Uber is an upscaled, modern challenge to the world of transportation via taxis. Users can summon a car from any mobile device. No painful tips are required. Can Uber invade on the territories of taxi and cab transportation?
As I started to walk down to hotel lobby to leave for the airport this morning, I suddenly realized that I had no cash. Being a socially awkward nerd, the whole tipping people to call cabs and move bags has always been a little painful for me. Cashless, my pain had suddenly multiplied.
Considering Uber is now in San Francisco and NYC, I had been looking for an excuse to try to the service anyway. I quickly created an account on the uber.com website. I received a text message to confirm my cell number. I downloaded the iPhone application; an Android app is available as well.
You can call a driver either by logging into mobile app or by sending a text message to the service. The application actually uses the GPS on the device to attempt to estimate your position. My AT&T service was poor in San Francisco so I was not surprised that the first estimation of my location was a half a block off.
Once you confirm your driver, you are given an estimation of the arrival time. My wait time was 10 minutes, and the estimation was perfect. The driver would later apologize and said that wait times were typically much quicker. Tracking his position in realtime on the map in the application was really slick. About a minute before his arrival, I received a text message that he would be arriving soon.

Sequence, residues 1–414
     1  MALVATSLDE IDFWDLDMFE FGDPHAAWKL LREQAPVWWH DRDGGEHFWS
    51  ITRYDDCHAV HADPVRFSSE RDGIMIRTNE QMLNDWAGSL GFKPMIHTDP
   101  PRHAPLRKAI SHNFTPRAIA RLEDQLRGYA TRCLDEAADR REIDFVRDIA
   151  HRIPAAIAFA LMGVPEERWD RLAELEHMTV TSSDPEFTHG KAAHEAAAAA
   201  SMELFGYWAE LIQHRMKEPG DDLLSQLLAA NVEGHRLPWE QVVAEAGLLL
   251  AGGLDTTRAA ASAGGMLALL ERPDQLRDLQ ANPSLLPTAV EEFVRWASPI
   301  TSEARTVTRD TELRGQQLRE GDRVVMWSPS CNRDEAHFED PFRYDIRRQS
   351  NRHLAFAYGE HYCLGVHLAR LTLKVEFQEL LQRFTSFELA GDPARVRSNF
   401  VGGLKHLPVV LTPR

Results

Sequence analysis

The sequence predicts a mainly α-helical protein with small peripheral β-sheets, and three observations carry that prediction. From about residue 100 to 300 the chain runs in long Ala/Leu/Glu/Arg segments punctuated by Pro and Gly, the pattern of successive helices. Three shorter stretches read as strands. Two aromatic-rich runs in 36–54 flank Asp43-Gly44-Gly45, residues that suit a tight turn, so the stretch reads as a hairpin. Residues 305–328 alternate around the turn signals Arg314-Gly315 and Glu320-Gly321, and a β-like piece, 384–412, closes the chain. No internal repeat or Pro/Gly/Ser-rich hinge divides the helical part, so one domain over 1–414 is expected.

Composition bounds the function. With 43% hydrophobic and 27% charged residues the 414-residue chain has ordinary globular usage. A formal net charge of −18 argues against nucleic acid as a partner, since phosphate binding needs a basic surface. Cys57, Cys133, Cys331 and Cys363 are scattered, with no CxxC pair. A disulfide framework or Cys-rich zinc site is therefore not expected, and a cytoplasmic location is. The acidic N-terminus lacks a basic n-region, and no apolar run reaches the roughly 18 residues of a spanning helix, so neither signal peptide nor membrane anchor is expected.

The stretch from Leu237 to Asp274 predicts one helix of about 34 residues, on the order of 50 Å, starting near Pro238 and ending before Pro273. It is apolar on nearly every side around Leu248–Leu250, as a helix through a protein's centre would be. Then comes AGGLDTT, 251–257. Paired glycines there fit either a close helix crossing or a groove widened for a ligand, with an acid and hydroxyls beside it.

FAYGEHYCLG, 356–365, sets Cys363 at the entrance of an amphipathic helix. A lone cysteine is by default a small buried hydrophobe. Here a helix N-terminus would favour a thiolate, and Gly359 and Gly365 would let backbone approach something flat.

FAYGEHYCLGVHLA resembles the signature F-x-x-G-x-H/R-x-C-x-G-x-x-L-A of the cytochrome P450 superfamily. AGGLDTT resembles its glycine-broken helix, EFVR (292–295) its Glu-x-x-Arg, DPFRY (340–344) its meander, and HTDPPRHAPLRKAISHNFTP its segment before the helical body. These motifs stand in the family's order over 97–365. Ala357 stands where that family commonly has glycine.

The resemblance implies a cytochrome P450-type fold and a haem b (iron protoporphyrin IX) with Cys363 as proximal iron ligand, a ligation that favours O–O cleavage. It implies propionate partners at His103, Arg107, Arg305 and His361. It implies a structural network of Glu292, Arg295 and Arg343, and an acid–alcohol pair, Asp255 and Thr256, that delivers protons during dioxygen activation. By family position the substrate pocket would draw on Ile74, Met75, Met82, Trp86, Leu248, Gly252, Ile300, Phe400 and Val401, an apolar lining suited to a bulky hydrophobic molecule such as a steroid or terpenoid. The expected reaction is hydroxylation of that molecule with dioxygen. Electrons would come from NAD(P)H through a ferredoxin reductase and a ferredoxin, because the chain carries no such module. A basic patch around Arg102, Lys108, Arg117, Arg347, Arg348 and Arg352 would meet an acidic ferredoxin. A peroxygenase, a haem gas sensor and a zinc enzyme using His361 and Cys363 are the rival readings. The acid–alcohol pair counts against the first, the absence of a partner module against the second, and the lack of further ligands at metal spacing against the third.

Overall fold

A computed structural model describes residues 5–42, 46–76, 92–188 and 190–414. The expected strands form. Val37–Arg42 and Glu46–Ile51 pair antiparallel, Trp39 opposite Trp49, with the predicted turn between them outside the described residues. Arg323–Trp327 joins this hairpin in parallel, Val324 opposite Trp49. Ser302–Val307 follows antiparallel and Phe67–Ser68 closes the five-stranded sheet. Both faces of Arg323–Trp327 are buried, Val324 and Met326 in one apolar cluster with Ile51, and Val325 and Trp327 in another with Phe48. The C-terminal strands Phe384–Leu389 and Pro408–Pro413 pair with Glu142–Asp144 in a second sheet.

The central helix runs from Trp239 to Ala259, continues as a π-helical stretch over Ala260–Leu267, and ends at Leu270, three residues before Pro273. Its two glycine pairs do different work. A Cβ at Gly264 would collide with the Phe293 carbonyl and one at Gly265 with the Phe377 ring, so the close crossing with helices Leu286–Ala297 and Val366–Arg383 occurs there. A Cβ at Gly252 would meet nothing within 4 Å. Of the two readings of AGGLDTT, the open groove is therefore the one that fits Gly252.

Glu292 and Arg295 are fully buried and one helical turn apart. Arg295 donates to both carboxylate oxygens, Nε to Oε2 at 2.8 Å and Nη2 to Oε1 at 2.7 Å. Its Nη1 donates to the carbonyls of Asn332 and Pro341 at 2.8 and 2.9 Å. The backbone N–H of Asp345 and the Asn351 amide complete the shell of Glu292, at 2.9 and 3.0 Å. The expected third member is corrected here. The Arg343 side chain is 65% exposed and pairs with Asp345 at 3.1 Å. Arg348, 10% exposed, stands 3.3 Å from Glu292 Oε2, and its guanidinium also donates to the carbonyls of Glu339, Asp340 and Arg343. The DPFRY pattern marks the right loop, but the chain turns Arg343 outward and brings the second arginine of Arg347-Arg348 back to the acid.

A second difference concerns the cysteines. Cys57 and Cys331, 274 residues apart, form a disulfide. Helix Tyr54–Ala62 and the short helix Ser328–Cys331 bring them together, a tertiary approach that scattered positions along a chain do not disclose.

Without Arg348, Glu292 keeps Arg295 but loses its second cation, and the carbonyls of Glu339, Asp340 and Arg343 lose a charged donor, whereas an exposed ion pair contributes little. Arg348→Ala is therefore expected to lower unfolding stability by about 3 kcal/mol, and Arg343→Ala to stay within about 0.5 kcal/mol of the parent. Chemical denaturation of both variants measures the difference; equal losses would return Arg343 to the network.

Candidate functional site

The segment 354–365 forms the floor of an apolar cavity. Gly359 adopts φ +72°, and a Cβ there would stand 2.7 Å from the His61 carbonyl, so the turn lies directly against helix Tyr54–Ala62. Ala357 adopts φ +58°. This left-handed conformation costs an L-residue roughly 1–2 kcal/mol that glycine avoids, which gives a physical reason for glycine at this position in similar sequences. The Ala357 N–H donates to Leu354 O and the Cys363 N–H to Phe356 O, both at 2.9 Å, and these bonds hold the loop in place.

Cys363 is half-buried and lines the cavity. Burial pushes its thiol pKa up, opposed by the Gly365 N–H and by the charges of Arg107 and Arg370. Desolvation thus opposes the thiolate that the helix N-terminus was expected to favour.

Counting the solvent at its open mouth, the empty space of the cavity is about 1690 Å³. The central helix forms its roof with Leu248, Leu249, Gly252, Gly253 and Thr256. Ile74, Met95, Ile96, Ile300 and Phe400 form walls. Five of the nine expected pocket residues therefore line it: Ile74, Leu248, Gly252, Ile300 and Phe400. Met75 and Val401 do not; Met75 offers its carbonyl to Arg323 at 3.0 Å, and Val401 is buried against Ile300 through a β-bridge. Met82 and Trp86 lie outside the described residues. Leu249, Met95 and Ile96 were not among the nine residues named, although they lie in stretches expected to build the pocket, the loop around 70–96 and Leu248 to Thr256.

Despite being on a busy intersection, he pulled right up to me. Doors open, luggage loaded–we were off. I was worried he might not know my exact position, but the app has a “Call The Driver” option in case any problems occur.
Ahmed, my driver, was professional and helpful when I was quizzing about future trips to the area. The car was a typical black Lincoln town car. Amenities included passenger-controlled XM radio, climate control, water, and cell phone. Typical taxi drives are high speed, swerving inducers of motion sickness. This drive was efficient but careful.
The drive finished up with a handshake and help with unloading the luggage. No money, no tipping. Five minutes later I received an email with my bill. The trip does cost more than a taxi. Uber was $65 without a tip; the same route with a taxi is $36 plus your gratuity.
I have had the opportunity to use luxury car services in the past. Uber is basically taking this experience and adding the technology to make it more approachable and convenient to the public. In talking to Ahmed, it sounds like most of the Uber drivers are independent drivers that work through the Uber service to supplement their regular gigs.
Compared to a taxi, the price is more expensive. However, it is exactly what one would expect to pay for a luxury car and driver. More importantly, this socially awkward nerd got to skip the whole painful tipping process. Winner in my book.